This month’s job report will rightly be questioned; late-winter/early spring weather for much of the country was horrible in February and March, and this morning’s report reflects payback from depressed activity making results appear better than they actually are. Nonetheless, trends in April, and thus far year-to-date, reflect a potentially important change in labor market dynamics; the broadening of job creation to the lower-end segment of the job market. This emerging trend represents the start of a sea-change towards “normalization” in the job market – looking more like what it used to look like pre-financial crisis, finally. The implications for lower/middle income consumption, the housing market, inflation, and corporate input costs are crucial.
Data points supporting signs of broadening:
- U6 unemployment rate fell to 12.3% from 12.7% (this metric peaked at 17%). The U6 is the broadest measure of unemployment in the US, reflecting discouraged workers who are not looking for a job but have stated they want one, and people who are working part-time while they look for a full time position (part time for economic reasons).
- Unemployment rate for high school drop outs, the least educated cohort of the labor force, fell by 70 bps from 9.6% to 8.9%.
- Teenage unemployment fell to a new cycle-low. Important heading into the summer period where teenage employment drives consumption in many segments.
- African American and Hispanic unemployment rates fell to new cycle lows.
- Federal income tax receipts (not released this morning) are up 15% this year through March. Data are sourced on a monthly basis from the US Treasury Department. Positive tax receipt data are a validating factor for job market strength.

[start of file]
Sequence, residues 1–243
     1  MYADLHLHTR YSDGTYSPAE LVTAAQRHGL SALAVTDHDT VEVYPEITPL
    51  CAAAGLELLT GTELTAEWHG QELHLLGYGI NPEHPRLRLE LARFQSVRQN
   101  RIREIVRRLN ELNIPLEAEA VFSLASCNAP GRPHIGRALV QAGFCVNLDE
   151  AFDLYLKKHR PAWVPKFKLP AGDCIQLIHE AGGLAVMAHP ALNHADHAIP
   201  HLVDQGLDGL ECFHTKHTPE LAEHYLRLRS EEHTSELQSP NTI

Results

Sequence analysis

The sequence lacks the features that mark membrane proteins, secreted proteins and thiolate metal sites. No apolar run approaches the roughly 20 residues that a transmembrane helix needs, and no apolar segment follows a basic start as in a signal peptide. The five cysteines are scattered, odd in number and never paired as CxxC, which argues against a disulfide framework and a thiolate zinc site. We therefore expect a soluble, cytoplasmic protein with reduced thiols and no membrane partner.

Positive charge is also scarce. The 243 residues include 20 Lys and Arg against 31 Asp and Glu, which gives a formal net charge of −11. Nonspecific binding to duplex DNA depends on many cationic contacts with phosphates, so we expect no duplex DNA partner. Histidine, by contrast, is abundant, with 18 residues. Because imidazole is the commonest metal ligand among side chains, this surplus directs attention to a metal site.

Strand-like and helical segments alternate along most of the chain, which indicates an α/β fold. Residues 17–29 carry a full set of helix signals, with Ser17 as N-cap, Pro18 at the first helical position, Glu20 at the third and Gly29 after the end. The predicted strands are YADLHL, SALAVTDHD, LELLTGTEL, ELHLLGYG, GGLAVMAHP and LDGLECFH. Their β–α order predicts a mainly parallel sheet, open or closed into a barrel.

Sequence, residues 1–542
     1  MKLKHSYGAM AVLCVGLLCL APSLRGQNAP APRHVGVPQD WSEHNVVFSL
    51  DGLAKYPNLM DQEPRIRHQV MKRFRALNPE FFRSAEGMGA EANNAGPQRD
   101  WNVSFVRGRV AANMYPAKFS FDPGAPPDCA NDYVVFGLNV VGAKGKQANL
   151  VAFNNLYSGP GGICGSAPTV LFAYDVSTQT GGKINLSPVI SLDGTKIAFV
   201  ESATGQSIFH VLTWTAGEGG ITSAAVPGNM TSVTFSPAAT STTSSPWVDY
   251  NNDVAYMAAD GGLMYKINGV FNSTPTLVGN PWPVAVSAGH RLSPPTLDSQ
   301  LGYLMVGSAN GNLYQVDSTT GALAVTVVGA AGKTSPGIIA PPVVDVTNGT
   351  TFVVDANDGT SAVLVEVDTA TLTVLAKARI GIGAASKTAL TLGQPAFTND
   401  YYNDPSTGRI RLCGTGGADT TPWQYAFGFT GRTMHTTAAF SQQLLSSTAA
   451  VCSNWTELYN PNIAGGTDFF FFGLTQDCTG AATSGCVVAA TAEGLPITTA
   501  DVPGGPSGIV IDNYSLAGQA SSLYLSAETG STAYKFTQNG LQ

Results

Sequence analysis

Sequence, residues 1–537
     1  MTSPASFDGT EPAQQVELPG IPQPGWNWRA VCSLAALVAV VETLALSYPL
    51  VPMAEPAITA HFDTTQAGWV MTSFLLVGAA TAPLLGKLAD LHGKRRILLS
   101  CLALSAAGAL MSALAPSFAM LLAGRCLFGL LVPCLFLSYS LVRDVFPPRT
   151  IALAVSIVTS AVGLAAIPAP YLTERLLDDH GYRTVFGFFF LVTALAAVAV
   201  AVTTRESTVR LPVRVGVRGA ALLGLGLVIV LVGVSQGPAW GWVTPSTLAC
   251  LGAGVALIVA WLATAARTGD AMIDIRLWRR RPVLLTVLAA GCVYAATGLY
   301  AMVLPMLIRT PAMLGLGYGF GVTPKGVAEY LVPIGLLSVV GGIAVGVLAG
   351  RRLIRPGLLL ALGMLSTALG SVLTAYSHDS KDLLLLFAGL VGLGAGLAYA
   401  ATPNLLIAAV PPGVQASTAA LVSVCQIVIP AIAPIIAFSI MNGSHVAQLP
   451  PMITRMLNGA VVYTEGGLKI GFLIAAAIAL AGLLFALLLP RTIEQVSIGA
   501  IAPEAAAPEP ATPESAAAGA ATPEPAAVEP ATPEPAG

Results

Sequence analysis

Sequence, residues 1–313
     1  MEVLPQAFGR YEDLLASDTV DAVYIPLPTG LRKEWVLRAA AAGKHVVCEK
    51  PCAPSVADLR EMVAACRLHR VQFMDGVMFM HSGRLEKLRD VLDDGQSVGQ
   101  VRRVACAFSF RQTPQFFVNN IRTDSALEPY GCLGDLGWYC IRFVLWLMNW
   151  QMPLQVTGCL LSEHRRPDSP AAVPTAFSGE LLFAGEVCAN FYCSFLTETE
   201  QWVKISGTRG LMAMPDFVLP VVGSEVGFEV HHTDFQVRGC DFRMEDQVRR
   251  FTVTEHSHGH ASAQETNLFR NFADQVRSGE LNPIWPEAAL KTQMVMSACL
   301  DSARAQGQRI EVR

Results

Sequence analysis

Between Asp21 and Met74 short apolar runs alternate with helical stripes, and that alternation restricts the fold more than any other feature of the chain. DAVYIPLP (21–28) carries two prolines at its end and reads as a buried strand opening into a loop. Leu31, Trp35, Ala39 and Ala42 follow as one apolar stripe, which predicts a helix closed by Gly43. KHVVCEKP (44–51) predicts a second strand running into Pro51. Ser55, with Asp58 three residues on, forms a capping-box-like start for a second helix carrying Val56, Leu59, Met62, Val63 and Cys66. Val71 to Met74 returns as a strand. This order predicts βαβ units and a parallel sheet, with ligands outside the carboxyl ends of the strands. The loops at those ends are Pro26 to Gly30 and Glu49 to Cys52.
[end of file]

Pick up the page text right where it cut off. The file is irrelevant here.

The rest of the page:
The caveats – and reasons bears will dismiss the report:
- The Household Payroll report was negative 73k jobs. This measure is more volatile and had been much stronger in Jan-Mar relative to the headline job figures.
- Construction and retail segments drove outsized job growth of +32k and +35k respectively. These sectors are weather sensitive and may be unsustainably inflated.
- Employment-Population ratio didn’t change – remaining stable at 58.9%.
- Private workweek was stable at 33.7 hours. When the job market truly strengthens this metric should move higher.
- The net-birth adjustment created 234k jobs. Though this adjustment created about the same amount in April of last year.
CJF’s conclusions from the jobs report are unchanged. The US economy is in a slow, middling, recovery. This is actually the best case scenario for the stock market, a good, but not great, labor market. If (if emphasized because this isn’t the baseline view) the jobs report remains this strong (strengthens at this pace) it would be a good thing for the workers but a negative for the stock market – the end of the corporate input cost nirvana would negatively impact margins.
Some charts reflecting the broadening: